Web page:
Grief is, understandably, a difficult topic for many parents and children. For everyone, really.
Many children I work with are are dealing with the death of grandparents and other family members, and this is an area I specialize in treating.
Grief can bring up difficult feelings.
There's a wonderful story, Jeremy's Journey of Hope and Healing, that I typically read with my 3-6th grade clients about this. Jeremy's father dies of circumstances that are never specified, and Jeremy blames himself. He experiences many signs of traumatic bereavement - guilt, explosive anger, lack of interest in previous passions, stomach aches and headaches. His brother, on the other hand, is experiencing a more typical bereavement.
Children worry that they are alone in their experience of grief.
As with many stories read by therapists, Jeremy finally feels better after getting help from a counselor - but, more importantly, he connects with a fellow student at his school who also had a parent die. Many times, children just need to know that they are not the only one who feels the way they do. Building connections, with parents, students, and grief groups, can go a long way in helping heal the wounds.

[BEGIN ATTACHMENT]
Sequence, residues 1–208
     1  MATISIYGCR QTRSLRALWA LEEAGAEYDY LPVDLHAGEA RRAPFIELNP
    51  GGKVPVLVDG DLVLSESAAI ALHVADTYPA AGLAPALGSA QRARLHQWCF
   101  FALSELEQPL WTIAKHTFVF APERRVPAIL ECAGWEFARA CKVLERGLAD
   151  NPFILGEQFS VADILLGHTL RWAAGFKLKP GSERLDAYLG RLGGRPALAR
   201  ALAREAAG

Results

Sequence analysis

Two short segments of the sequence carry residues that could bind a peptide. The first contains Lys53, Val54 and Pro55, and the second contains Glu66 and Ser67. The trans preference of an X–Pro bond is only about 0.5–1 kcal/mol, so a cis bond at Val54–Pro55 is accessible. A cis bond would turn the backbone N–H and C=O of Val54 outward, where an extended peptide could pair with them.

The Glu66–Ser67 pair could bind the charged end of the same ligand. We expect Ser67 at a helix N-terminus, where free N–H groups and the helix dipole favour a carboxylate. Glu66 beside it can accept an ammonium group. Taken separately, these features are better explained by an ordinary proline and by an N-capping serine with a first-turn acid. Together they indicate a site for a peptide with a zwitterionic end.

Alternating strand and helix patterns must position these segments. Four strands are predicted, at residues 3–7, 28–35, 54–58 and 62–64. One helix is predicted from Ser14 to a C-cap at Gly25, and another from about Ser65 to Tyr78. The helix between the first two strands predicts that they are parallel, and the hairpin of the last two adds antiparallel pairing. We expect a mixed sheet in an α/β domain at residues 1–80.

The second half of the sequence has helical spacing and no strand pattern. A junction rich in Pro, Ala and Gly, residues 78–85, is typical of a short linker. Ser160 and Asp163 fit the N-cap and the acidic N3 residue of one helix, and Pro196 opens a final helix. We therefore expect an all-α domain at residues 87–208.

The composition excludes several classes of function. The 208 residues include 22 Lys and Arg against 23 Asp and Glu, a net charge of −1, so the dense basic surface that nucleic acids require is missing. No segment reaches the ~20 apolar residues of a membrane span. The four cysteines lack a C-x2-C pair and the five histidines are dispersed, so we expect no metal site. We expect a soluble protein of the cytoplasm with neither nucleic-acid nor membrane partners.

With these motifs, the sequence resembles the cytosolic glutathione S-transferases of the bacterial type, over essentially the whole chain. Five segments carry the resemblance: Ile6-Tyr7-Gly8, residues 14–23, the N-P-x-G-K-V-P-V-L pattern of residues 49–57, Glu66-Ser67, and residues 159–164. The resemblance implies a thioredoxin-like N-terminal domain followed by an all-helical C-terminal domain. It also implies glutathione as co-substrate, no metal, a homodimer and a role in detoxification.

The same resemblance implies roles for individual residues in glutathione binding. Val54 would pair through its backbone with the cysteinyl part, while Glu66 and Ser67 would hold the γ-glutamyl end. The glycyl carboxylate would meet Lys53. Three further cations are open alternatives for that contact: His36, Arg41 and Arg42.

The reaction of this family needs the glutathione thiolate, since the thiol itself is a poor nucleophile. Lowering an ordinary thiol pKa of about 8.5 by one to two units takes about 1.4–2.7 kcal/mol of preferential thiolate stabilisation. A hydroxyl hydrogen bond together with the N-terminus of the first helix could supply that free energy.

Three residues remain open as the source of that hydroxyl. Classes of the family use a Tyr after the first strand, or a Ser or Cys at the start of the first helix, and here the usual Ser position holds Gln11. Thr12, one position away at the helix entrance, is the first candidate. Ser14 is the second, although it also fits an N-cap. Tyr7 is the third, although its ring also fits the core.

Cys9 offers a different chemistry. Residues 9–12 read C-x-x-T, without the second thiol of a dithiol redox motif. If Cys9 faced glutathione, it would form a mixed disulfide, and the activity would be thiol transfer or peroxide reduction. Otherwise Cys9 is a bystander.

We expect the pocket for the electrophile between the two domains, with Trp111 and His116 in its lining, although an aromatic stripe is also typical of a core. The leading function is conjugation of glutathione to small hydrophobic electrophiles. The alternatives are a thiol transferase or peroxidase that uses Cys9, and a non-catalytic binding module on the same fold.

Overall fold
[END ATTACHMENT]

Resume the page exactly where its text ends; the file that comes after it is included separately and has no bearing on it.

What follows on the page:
Counseling normalizes their reactions, and builds a toolkit for how to deal with these feelings.
Instead of ignoring grief or assuming that your child - or even yourself! - will just get over the loss eventually, it can be helpful to talk with a professional about all the different feelings or experiences. There is no right way to manage grief after the loss or death of a special someone. Working with a counselor or therapist, though, can help guide children and teens through the grieving process, and build skills for managing the different emotions that arise.
If you or your child or teen has recently experienced a death or loss of a loved one, please call or email me today to talk through if counseling is the right fit for you.